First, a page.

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Meet Sister Fa, Francophone Summit Keynote Speaker

18 Feb 2019

summit

Born Fatou Diatta, rapper Sister Fa made her debut on the rap scene in her native Senegal in 2000 at the age of 18. Today, she uses her popularity and music to create social awareness around topics she is passionate about: gender equity, child marriage and the fight against female genital mutilation (FGM), topping the list.

The 36-year-old, who is scheduled to be one of the keynote speakers at the Johns Hopkins Center for Communication Programs-organized Francophone Social and Behavior Change Summit in Abidjan, Cote d’Ivoire from Feb. 25 through 27, is both activist and musician.

She has performed in music festivals in Africa, Europe and the United States, while also participating in events sponsored by the United Nations and UNICEF. As part of her Education Without Excision project, Sister Fa tours each year with her group across Senegal to spark discussion about the dangers of female circumcision. She is collaborating with organizations Tostan, World Vision, and Orchid Project to end the practice of FGM, and has helped launch a project with the African Union and African governments to eradicate child marriage.

“When you are circumcised, you feel like an incomplete woman,” she told Al Jazeera in 2015. “It has been very difficult for me. I felt mutilated, as if somebody had cut off my ear or my finger.”

Sister Fa has traveled to 34 countries to make her voice heard in the fight against female genital mutilation and child marriage, and is a frequent guest on television channels such as CNN and the BBC. More recently, Sister Fa worked with the Swiss NGO IAMANEH on a pilot project to improve the lives of young girls in four villages in the Casamance region of Senegal.

She recently took the time to answer some questions about her work, her life and her message.

 

CCP: You started out as a rapper in Senegal and now you’re an activist. How did that evolution occur?

Sister Fa: The lyrics I wrote in the past were very cause-oriented. They denounced the social injustices that women suffer in my community. I had started to denounce female genital mutilation, but in a subtle way because I was afraid of retaliation. In 2005, when I went to Berlin, I started singing the story of when I was cut. As a result, I told myself that I must have to take on the fight for human rights and protection of women.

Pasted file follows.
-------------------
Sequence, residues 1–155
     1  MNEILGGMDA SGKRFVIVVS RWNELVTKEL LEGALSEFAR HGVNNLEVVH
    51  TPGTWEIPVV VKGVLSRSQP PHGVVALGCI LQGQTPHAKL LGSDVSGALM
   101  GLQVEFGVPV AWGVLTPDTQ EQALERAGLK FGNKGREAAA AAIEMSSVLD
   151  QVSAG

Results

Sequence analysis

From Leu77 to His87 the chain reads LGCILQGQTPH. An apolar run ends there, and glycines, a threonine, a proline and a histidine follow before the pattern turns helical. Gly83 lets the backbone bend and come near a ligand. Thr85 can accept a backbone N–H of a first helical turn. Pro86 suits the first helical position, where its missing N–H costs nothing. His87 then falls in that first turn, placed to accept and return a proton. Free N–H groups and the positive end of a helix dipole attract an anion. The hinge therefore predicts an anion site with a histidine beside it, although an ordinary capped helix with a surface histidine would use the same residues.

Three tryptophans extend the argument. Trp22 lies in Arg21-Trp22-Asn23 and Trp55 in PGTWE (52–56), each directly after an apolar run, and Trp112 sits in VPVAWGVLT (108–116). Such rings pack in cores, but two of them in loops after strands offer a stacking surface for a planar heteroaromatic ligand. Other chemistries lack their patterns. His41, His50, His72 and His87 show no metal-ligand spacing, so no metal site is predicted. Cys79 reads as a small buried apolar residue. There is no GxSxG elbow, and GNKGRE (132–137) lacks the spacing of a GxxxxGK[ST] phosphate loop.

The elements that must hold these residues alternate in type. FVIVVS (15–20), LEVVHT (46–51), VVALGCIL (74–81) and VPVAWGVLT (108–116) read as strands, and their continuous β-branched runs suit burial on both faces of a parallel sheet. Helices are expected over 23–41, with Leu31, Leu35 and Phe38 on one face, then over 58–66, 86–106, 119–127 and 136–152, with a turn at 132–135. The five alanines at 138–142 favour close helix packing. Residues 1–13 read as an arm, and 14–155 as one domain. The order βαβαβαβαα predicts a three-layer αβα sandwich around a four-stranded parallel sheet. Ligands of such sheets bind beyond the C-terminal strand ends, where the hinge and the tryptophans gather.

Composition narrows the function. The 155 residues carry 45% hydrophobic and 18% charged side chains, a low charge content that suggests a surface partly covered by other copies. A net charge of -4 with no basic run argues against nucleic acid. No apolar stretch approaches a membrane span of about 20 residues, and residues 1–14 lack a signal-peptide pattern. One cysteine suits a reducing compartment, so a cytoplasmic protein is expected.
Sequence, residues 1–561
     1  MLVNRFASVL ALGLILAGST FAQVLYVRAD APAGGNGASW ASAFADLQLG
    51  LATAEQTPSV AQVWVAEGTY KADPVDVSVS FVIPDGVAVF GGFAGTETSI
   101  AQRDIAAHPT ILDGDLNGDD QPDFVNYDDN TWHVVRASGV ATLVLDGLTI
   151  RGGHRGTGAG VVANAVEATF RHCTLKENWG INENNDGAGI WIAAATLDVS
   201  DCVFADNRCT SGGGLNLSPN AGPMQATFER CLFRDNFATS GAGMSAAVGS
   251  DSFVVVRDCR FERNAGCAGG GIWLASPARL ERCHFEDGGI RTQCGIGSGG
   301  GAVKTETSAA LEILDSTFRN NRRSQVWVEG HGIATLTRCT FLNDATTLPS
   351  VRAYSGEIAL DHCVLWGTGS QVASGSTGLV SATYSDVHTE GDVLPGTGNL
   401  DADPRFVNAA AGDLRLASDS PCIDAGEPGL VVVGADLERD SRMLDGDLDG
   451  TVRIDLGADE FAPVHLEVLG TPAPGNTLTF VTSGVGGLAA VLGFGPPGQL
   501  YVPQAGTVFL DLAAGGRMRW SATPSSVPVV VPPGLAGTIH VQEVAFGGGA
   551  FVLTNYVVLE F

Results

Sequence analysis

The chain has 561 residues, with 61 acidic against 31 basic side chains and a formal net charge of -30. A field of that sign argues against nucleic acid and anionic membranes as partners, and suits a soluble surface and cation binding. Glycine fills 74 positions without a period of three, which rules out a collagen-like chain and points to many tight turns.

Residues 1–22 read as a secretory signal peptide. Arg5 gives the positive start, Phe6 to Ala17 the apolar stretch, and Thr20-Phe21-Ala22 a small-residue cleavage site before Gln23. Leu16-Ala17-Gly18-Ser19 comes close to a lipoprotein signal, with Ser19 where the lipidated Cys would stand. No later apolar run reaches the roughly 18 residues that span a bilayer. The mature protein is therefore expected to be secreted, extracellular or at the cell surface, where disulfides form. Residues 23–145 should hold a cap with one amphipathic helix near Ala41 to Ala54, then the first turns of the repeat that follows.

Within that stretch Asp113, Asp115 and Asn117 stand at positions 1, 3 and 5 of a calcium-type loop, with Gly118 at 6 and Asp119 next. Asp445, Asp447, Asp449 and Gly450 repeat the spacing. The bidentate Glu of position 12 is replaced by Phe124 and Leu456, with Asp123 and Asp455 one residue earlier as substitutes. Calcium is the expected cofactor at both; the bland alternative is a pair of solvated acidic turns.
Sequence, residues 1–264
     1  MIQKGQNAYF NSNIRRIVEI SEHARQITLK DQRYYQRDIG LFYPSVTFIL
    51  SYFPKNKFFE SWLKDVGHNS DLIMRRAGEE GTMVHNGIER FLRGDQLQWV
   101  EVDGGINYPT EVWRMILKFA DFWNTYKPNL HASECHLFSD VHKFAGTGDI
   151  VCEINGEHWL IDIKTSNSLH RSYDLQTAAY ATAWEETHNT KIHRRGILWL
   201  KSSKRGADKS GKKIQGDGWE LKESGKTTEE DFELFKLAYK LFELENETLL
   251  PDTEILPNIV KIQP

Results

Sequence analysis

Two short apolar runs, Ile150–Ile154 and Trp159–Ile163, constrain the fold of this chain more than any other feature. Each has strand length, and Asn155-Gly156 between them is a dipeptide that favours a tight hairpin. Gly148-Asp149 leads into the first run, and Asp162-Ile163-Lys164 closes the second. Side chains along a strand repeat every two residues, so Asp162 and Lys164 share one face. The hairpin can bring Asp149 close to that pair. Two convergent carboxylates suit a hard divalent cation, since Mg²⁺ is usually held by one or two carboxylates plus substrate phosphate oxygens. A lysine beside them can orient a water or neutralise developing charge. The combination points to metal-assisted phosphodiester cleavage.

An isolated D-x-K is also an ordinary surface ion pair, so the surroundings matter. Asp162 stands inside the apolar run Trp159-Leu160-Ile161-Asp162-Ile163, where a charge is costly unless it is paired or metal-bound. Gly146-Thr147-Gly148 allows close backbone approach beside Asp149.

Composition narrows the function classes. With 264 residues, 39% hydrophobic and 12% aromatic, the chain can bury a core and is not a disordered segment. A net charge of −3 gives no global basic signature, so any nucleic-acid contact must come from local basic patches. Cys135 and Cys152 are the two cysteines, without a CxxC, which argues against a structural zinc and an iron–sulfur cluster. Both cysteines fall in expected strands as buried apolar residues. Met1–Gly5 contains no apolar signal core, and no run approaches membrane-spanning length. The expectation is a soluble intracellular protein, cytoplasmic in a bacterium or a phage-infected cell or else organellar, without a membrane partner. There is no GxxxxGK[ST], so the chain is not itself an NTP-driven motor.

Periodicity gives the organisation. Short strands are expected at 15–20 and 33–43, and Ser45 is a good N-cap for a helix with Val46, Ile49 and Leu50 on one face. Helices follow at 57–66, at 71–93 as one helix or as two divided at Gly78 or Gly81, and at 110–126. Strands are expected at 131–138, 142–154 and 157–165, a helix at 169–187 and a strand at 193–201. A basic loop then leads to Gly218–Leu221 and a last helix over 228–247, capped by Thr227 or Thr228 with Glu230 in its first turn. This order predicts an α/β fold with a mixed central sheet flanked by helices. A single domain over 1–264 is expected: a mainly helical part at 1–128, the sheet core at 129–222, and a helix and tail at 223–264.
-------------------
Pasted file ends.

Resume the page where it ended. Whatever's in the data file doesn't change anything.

CCP: It must be quite a different experience to perform in clubs and perform before the UN. How have those experiences informed one another?

Sister Fa: Indeed. In Senegal, I play in festivals often and also in clubs. Being the first Senegalese rapper artist to perform at the United Nations was the dream of a young girl who was looking for recognition of her talent by dodging the gender-based obstacle for hip-hop music in Senegal, which was music for men. At the United Nations, I brought the fight against female genital mutilation to another decision-making audience. It was an unforgettable experience!

CCP: Your mission seems to be to educate as well as entertain. How do you accomplish both things at once?

Sister Fa: Hip-hop music started out as a protest. Rap was the only music I could use to speak for those who didn’t have a voice. Most of my lyrics were socio-political from the beginning. Later, hip-hop music became what it is now, but for me, rap remains a means of communication that can entertain and raise awareness at the same time.

CCP: A lot of your work focuses on ending early marriage and female genital mutilation, and empowering girls and women in society. These can be difficult topics to address at the social, religious and community level. What challenges have you encountered and what change have you seen as a result of your work?

Sister Fa: My work is based on the eradication of female genital mutilation, early and forced marriages, school pregnancies [while supporting] education and the empowerment of girls. These were very difficult subjects at the time I started in 2005.

Women’s struggle for equality and protection is a very dangerous subject in some communities. In 2013, I was attacked in the St. Louis area of Aéré Lao [in Senegal]. I always carry my scar on my hand. It was the men of the caliphate, who had spread terror in the school where my activities were taking place.

A letter of commitment to fight these problems has been written and signed by the mayors of Dialambere, Dabo and Coumbacara. The letter was delivered to the governor in front of the communities in the form of a declaration in partnership with the World Vision organization in the Kolda region where 94 percent of girls are cut.

Between July and November, we conducted a pilot project in four villages Thiobon, Tendouck, Mlompe and Thionck Essyl. We formed youth clubs, in partnership with the NGO IAMANEH Switzerland, that adopted more than 200 babies with the help of health authorities to ensure that girls would not be victims of FGM in the cradle.

CCP: At the Summit in Abidjan, you will be addressing a group of people whose passion is changing social norms and inspiring healthy behaviors. What advice can you share from your experiences?

Sister Fa: It is first of all an honor for me to participate. The advice I will give on this occasion is: change must happen inside! Let’s take the example of the egg: If you break the shell from the outside, you destroy a life, whereas when it breaks from the inside, it is a sign of a life that is beginning! Let us train communities and involve them in the design of our projects.

This interview has been slightly condensed, lightly edited and translated from French.

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